CBI opposes Sisodia’s bail plea, alleges suppression of wife’s discharge from hospital

CBI opposes Sisodia's interim bail plea, saying he suppressed the fact that his wife has been discharged from the hospital.

Manish Sisodia
The court partially heard the CBI's arguments on Sisodia's regular bail plea and scheduled the next hearing for May 10 | File photo

Former deputy chief minister Manish Sisodia’s plea for interim bail in the Delhi excise policy case, citing his wife’s illness, was opposed by the CBI on Thursday. The agency claimed that Sisodia suppressed the fact that his wife had already been discharged from the hospital.

The Central Bureau of Investigation (CBI) said Sisodia’s wife has already been discharged from the hospital but this material fact was not mentioned in his interim bail plea. According to the discharge memo, it said, her condition has improved.

However, Sisodia’s counsel claimed there was no suppression of facts and the mentioning document placed before the court for urgent listing disclosed his wife has been discharged from the hospital but she needs constant care.

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Justice Dinesh Kumar Sharma orally said, “Every husband has a duty to take care of his wife.

Senior advocate Mohit Mathur, appearing for Sisodia, hastened to add this is the vow taken at the time of solemnisation of marriage.

Additional Solicitor General S V Raju, representing the CBI, said in cases where the medical condition of someone remains bad, he will be the first person to say that relief should be granted.

Here, on April 25, Sisodia’s wife was hospitalised after her conditioned worsened but she has been discharged much before filing of the interim bail application. The interim bail application has to go on the ground of suppression of facts itself.

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They have suppressed the fact that she has been discharged and her condition has improved. It was not an inadvertent error, this was deliberate, the law officer contended.

As Sisodia’s counsel maintained there was no suppression of fact which was given in the mentioning memo, Raju wanted to know why was it not mentioned in the interim application. “We dont get the mentioning memo,” he said.

The high court also heard part arguments of the CBI on Sisodia’s regular bail plea and listed the matter for further hearing on May 10.

Sisodia’s counsel had submitted on Wednesday that the medical condition of the senior AAP leader’s wife needs urgent attention, and urged the court to release him on interim bail.

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The CBI had arrested Sisodia for alleged corruption in the formulation and implementation of the now-scrapped Delhi Excise Policy 2021-22 on February 26, following several rounds of questioning.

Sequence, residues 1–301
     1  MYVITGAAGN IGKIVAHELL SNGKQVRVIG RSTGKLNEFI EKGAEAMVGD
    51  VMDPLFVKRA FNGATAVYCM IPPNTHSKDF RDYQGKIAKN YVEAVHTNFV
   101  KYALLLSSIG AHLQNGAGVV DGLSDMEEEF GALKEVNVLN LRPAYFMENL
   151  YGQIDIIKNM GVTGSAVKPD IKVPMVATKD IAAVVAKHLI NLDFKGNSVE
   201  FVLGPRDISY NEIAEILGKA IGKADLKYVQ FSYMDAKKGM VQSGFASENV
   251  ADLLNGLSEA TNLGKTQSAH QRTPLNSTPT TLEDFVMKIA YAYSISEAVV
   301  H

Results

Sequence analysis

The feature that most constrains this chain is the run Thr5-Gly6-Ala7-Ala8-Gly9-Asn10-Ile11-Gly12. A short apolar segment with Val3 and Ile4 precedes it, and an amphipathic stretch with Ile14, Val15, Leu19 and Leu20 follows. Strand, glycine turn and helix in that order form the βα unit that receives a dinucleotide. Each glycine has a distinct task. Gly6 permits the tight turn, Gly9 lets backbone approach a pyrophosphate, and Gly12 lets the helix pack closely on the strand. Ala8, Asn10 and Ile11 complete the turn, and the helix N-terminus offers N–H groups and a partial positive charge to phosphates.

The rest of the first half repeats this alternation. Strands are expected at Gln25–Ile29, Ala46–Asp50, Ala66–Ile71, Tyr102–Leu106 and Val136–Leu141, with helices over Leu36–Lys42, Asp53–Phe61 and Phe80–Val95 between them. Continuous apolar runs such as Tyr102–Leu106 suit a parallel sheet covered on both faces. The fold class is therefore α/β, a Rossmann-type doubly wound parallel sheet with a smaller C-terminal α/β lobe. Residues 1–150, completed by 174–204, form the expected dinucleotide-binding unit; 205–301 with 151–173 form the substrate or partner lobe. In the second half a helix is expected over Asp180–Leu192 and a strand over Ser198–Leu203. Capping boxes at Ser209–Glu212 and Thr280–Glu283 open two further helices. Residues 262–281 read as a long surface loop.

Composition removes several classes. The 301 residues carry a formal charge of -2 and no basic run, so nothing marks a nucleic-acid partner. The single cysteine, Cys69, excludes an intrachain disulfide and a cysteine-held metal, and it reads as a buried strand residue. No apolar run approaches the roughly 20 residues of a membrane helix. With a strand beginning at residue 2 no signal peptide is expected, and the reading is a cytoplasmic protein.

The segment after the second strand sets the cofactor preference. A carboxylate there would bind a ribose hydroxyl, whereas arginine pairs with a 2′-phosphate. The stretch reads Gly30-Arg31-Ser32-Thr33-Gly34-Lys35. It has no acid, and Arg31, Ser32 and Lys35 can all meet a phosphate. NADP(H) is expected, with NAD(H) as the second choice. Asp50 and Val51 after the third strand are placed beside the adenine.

On March 31, the trial court had dismissed Sisodia’s bail plea in the matter, saying he was “prima facie the architect” of the “scam” and had played the “most important and vital role” in the criminal conspiracy related to alleged payment of advance kickbacks of Rs 90-100 crore meant for him and his colleagues in the Delhi government.

The high court had earlier issued a notice and asked the CBI to file its reply to Sisodia’s regular bail plea. He has challenged the trial courts order denying him bail in the case.

Sisodia’s counsel had earlier said the lower court has not considered the medical condition of the AAP leaders’ wife, who is suffering from multiple sclerosis. He said the condition of Sisodia’s wife was deteriorating.

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The lawyer had said the allegation that he was a recipient of the proceeds of crime was “all in air” and no money trail leading to him has been found.

Sisodia has sought parity for him with the other accused who have got the relief, and claimed that he was not in a position to influence the witnesses in the case or tamper with evidence.

The CBI has opposed his bail plea, saying that the excise policy was manipulated to favour cartelisation and monopolisation in liquor trade in the national capital, and Sisodia and businessman Vijay Nair are the main conspirators.

The CBI, in its written reply opposing Sisodia’s bail plea, claimed that the AAP leader was involved in commission of grave economic offences and was key to unravelling the modus operandi of the crime.

It said the bail plea was devoid of any merit and was an attempt to misuse the intricacies of law to thwart the progress of investigation in the case.

(With agency inputs)